Who is really the best baseball team in the majors? I honestly don't know but I try to figure that out by using basic and advanced statistics. I live for talking about baseball, it's my biggest drive in my life and I will jump on the opportunity to talk baseball with anyone, even with people who I don't really like. For me, Baseball is a piece of art that sits in my mind all day, ready to be painted on at any point of the day.

Friday, January 21, 2011

MIke Napoli, Vernon Wells swap places

By Mike Moritz
Edited By Jack E. Cody

The power hitting catcher, Mike Napoli, is being traded to the Toronto Blue Jays according to Ken Rosenthal of FOX Sports. In return, the long time face of the Blue Jays franchise, centerfielder Vernon Wells, is being shipped over to Anaheim. Juan Rivera is also included in this deal. This trade looks to be like a big one. At first, I believed that the Angels won this deal because of the fact that they missed out on the likes of Carl Crawford, Adrian Beltre and Rafael Soriano, and believed that it acts as somewhat of a plan B for the Angels. However, after thinking this through, I now realize that the Blue Jays won this deal because Wells is earning $83 million over the next three seasons and they finally got that deal off the books while also getting some very good talent in Napoli and Rivera.

As for the Blue Jays, Mike Napoli is the fill in for the departure of John Buck, who had a career year that landed him a three-year, $18 million deal with the Florida Marlins. 

Napoli is the perfect fit for the dangerous Blue Jays offense, which hit 257 long balls as a team and basically has a new “Grip it and rip it” philosophy at the plate. Napoli's bat has a great deal of power says his career .234 ISO and .251/.346/.485 stat line with his wOBA cashing in at a solid .357. In 2010, he smashed 26 home runs in 453 ABs but saw his batting average and OBP drop off significantly to a mere .238 and .316, respectively (even though those numbers are not all that respectable). I believe the reason for his down year at the plate in terms of contact was some bad luck. His BABIP dropped to .279 even though his career mark is .293, but his line drive, fly ball and ground ball rates were all right next to his career averages. If Napoli can get luck back on his side for this season, then he will be in great shape. Napoli also has a career 4.22 P/PA, so he makes the pitcher work which is another positive.
Not much to say about Juan Rivera. Just like Napoli, he got very unlucky last year for the same reasons. Rivera will most likely battle it out for an outfield spot with Rajai Davis in Spring Training.
Napoli is likely going to be the starting catcher for the first time in his career and the new Blue Jays hitting approach should fit in perfectly with him. This is exactly what the Jays need, a catcher with power and a good track record to replace John Buck (who never really had a good track record); plus they even got a good hitting outfielder.

Vernon Wells still is in the middle of a huge contract in which, as aforementioned, he will be making $86 million over the next four seasons. I would expect that this will limit the Angels to any free-agent signings for the next three seasons. Wells had a good bounce back season at the plate posting a line of .273/.331/.515 and a .363 wOBA to go with 31 big flies and 44 doubles in 2010. Wells' plate discipline is a worrisome attribute for him as showed in his O-Swing%. It jumped from 24.9% in 2009 to 33.5% in 2010. Wells also had a fantastic April and May and slowed down a bit for the rest of the season.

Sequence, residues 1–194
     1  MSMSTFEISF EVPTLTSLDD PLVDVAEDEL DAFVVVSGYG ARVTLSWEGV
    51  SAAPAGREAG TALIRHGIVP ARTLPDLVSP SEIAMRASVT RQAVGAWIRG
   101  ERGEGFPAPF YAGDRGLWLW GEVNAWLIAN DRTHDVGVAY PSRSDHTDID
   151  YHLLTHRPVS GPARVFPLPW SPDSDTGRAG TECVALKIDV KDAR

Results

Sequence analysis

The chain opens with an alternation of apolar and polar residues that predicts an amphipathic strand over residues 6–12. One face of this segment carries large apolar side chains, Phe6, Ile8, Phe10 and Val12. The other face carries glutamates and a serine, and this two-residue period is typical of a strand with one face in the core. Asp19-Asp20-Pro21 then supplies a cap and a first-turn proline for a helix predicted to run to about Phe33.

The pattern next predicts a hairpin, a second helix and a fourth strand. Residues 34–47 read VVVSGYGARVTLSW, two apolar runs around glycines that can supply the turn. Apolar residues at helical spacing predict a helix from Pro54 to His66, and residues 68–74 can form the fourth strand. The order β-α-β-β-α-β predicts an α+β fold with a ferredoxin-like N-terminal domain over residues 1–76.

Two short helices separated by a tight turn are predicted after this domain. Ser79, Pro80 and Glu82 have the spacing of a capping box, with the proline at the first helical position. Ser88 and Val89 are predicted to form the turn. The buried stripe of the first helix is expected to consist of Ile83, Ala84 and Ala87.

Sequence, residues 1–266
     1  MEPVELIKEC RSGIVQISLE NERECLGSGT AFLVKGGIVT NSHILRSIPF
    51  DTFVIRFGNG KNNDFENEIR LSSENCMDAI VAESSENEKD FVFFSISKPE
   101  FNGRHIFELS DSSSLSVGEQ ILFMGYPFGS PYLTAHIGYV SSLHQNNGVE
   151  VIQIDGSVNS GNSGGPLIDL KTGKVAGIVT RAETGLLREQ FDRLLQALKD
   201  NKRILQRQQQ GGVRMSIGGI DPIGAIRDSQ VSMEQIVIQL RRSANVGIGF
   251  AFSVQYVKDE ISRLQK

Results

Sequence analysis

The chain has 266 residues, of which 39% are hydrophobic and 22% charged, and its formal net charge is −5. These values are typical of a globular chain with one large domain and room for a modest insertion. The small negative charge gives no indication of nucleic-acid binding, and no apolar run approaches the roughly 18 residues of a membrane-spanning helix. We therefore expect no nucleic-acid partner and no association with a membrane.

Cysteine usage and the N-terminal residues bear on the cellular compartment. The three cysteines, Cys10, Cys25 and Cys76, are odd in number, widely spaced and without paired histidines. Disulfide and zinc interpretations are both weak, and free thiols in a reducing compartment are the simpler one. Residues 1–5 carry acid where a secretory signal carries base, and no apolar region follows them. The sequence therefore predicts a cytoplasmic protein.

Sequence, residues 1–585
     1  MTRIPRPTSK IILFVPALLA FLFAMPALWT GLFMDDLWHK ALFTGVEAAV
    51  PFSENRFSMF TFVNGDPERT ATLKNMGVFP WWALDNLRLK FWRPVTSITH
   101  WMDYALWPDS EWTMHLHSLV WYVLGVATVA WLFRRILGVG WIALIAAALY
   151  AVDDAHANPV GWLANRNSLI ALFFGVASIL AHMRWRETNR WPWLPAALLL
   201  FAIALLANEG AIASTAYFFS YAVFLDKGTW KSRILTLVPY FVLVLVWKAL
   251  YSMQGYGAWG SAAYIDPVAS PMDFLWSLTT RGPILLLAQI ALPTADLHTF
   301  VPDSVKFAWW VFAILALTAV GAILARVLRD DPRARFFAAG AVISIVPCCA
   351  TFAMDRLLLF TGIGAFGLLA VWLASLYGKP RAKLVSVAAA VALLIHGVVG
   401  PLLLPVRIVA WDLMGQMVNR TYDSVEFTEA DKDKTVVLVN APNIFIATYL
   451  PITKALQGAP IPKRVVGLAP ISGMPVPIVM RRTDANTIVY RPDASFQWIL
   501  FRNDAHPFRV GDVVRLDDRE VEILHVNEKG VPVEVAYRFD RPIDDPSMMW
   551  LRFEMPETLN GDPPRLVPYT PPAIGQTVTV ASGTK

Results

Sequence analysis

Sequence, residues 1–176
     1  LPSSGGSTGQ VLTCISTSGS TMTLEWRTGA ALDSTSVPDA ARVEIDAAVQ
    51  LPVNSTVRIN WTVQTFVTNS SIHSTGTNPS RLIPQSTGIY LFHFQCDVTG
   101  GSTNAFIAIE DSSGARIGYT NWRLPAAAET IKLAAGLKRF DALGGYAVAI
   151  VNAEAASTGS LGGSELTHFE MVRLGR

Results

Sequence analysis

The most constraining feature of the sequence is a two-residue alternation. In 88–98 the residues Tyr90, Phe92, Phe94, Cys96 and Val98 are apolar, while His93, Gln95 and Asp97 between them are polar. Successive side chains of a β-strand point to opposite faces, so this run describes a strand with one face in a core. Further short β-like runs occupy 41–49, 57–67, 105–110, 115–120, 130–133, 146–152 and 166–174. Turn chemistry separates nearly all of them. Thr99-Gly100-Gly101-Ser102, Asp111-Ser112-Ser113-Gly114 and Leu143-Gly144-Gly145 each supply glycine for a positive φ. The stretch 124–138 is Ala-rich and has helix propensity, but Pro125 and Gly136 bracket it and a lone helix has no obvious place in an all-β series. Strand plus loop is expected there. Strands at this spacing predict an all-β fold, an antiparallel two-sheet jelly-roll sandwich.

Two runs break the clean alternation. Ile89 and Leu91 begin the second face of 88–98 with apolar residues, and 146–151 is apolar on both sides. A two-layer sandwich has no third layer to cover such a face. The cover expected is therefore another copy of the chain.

A big problem that I have with this trade is the defense that is added to the Angels outfield, or lack thereof. Last year, Vernon Wells had a -6.4 UZR, Torii Hunter, who’s moving to right field, had a -7.0 UZR and Bobby Abreu had a -8.3 UZR; so that is clearly a HUGE defensive liability. However, what the Angels could do is move Abreu to DH and move Wells to left field and start prospect Peter Bourjos, who is essentially a defensive stud and has always been known as a very good defensive player in the minor leagues. That would seem to be the best fit for the Angels as they could also switch Wells and Hunter here and there.
I believe that Angels GM Tony Reagins kind of messed up with this trade. Don't get me wrong, Wells is a great addition to the lineup and will bring some more thunder to an Angels lineup that has failed to produce as well as it has in recent years, but the Blue Jays got, in my opinion, a better deal in Napoli and Rivera, and the two will really help that Blue Jays offense as well. Honestly though, $86 million for the next four years, Tony Reagins, what are you doing?

Jeff Mathis is just a total headache behind the plate with his CAREER -0.8 WAR and his CAREER .199 average. Yes, the Angels have their top hitting prospect Hank Conger to take over the catching job but he has shown some durability issues in the first couple of years of his pro career as well as some defensive worries as well. The only thing that I could be thinking is that Reagins was looking to give Conger the starting job this year and let the headache of Mathis sit on the Anaheim bench. I just do not think that picking up this huge salary on Wells was the right way of getting a productive bat as well as giving the job to Conger.

(Stats in courtesy of: espn.com, fangraphs.com and baseball-reference.com)


  1. Good article, but you completely forgot to mention JP Arencibia who is a top 3 catching prospect and has some MLB experience. Napoli will probably back up Arencibia for catcher and I see Napoli playing a lot of first base instead of catcher (like he did last year).

  2. Good point, I actually though Arencibia was just another backup catcher, that completely flew right over my head.